Former Western Cape premier Ebrahim Rasool has always claimed the ANC fares better among rural Coloured voters because the tricameral parliament never succeeded in rolling out services in the rural areas to the extent it did in the urban centres, leaving rural voters less susceptible to the National Party message, which the ANC claims has been usurped by the DA.

To be fair, it was the ANC into which the Nat leadership merged in the end, but where their voters went is of course a different matter altogether.

The Wolseley and Tulbagh by-election had to be held because the ward seat became vacant when the sitting councillor’s membership from the DA was terminated. Behind that story drags a tale as long as all the others in this area, and the exact truth depends on who you believe. In short, despite his being a DA councillor, Pieter Heradien voted with the ANC and was expelled from the DA.

So Heradien put himself up as an independent candidate, dishing out his supporters in neon green T-shirts to contrast with the yellow of the ANC (represented by candidate Willem Kamfer) and the DA's Pat Daniels (decked out in the customary blue).

A Western Cape rural by-election is always a much noisier affair than anything up-country. Every major party has a lawaaibakkie (noise truck) spewing out songs (Klim op die DA se wa - Climb on the DA's wagon - versus the rather bland Ek is ANC - I am ANC, with a few catchy rhythmic  ”Amandlas" to liven it up a bit).

At all three polling stations, some spirited verbal jousting (skellery, in Cape patois) was in full swing. One side accuses the other of hurling rocks at it, the other claims nepotsim and corruption, the third claims intimidation. The IEC's presiding officers just grin and bear it. They've seen it all before.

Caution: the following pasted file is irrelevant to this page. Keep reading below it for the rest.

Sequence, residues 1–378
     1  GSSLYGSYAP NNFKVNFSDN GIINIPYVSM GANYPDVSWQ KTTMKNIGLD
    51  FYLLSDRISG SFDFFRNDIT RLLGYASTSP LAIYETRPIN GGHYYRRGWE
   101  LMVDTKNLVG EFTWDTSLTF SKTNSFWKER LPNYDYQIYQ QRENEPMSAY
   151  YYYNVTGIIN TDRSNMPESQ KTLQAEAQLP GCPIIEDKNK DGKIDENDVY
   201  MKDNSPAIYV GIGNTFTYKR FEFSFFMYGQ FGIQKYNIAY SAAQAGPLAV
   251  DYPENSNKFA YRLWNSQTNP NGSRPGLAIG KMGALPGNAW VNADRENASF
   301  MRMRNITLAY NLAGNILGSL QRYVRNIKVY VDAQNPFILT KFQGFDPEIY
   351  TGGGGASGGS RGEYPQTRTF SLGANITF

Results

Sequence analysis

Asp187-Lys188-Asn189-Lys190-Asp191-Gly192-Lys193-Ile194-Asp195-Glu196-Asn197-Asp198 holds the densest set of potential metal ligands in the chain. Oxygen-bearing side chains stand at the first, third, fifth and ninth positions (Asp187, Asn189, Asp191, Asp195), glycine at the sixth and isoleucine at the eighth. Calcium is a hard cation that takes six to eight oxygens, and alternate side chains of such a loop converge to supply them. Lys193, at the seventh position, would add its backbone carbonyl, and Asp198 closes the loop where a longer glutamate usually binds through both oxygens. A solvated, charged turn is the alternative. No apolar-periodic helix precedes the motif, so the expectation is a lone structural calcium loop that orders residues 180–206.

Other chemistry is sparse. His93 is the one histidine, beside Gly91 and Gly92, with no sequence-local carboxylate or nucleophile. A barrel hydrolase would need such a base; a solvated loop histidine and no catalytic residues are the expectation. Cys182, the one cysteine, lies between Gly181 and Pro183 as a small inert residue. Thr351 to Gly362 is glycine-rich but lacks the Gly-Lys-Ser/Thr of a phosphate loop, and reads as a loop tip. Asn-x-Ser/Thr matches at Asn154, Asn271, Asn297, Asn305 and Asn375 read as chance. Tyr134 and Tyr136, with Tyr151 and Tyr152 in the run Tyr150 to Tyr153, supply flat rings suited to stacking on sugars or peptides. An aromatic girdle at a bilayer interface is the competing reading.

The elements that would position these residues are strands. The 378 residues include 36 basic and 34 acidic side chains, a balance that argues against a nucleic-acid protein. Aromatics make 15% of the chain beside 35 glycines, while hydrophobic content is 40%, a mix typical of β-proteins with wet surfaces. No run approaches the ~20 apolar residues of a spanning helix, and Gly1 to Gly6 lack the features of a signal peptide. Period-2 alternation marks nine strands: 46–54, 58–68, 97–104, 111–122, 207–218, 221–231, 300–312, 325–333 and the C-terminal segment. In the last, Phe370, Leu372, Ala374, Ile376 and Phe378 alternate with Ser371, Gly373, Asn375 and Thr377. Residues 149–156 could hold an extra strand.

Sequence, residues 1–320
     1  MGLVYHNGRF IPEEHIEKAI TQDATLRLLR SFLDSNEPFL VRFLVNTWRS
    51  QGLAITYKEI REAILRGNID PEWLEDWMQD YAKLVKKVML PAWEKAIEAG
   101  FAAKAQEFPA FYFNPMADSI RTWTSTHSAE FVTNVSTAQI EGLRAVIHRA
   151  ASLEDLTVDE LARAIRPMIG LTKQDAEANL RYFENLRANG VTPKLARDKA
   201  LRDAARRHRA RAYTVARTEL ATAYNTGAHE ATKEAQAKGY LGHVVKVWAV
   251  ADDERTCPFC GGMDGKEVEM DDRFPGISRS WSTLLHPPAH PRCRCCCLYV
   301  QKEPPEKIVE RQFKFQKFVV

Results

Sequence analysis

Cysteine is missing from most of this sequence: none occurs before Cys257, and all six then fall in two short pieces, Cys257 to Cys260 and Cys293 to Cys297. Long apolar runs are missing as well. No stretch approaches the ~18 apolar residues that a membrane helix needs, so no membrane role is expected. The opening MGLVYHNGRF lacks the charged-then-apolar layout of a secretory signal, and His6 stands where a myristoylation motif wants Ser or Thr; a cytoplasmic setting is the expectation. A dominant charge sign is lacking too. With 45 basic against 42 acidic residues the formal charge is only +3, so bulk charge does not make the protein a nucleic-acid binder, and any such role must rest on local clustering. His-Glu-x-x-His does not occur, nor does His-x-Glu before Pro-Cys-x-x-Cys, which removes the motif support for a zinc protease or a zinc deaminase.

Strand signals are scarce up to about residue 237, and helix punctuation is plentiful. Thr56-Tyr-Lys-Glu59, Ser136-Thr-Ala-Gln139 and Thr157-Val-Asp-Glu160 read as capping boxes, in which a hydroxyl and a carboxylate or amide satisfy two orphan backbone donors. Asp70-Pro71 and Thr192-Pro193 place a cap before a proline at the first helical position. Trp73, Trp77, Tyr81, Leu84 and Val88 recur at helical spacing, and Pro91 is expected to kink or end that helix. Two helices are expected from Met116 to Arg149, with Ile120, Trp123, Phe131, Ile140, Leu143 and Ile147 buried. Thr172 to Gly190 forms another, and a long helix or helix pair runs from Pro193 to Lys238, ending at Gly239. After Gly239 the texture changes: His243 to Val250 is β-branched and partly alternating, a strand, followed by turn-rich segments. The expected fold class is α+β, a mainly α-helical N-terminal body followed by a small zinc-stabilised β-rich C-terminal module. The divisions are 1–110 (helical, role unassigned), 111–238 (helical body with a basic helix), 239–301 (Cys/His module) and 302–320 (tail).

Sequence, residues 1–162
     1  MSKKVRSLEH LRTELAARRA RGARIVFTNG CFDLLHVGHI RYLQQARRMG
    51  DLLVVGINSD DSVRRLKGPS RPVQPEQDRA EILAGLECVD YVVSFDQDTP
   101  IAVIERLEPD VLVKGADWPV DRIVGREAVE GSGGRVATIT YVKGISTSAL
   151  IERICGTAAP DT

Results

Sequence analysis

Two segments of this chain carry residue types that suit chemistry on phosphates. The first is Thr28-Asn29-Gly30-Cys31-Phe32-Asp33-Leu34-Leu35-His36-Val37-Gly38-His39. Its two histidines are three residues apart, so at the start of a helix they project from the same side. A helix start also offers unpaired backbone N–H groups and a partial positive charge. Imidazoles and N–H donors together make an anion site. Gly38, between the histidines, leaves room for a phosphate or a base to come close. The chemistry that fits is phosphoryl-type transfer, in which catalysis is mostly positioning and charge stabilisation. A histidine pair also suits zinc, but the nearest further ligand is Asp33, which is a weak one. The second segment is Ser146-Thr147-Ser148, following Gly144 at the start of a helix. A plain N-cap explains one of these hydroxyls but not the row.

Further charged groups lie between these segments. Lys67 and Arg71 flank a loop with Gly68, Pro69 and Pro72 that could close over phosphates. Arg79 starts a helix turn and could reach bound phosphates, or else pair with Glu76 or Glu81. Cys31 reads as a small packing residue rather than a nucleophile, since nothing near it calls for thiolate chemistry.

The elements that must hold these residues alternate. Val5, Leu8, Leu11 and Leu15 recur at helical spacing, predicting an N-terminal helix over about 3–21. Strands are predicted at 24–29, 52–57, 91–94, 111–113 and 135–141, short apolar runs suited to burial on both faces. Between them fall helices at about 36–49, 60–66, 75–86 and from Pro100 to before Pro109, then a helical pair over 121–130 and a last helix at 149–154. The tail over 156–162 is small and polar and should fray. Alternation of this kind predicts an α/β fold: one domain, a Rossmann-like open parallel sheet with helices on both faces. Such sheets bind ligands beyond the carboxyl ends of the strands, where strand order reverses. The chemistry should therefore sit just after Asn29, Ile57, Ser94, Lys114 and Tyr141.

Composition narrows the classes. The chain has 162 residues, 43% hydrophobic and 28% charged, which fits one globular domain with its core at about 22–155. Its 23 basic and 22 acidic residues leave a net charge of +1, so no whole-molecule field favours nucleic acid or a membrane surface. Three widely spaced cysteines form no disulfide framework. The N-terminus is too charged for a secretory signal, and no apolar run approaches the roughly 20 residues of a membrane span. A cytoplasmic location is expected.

Twice in the day, scuffles broke out, providing the the bored police with a chance to earn their keep. No-one is seriously injured, but the language is colourful to say the least.

Voters are not keen to link their names to their opinion. "If you put on a blue (DA) T-shirt in this town, or a yellow (ANC) one, no-one ever forgets it. If you are quoted in the paper, it can be used against you," explains one voter. Her friend agrees. In a community where poverty is rife and work scarce, it is a compelling argument.

Anonymously, the reasons for whichever political loyalty are astoundingly similar, which makes it very tough to understand or call the result. "I vote ANC because I have always voted ANC," explains a lady. "I don't know why. It is in my heart and I am a child of the Lord."

Housing, the state of the local clinic, crime and unemployment are universally stated as the main issues, and the voters believe their party will deliver, but they are loath to discuss why . Personal animosity against the other party's candidate, family connections and the preference of neighbours contribute to the eventual choice. The race card was nowhere to be seen.

As the sun set after a scorcher of a day, those fortunate enough to have a job to return from, arrive to cast their votes. The din at the polling stations increases as the night falls.

At nine o'clock, the counting begins. The final result left Pat Daniels of the DA the winner by a whisker- 1 088 votes to the ANC's 981 and Heradien's 239 - another inconclusive result from the ever elusive coloured rural vote which will be up for grabs in next year's local government elections.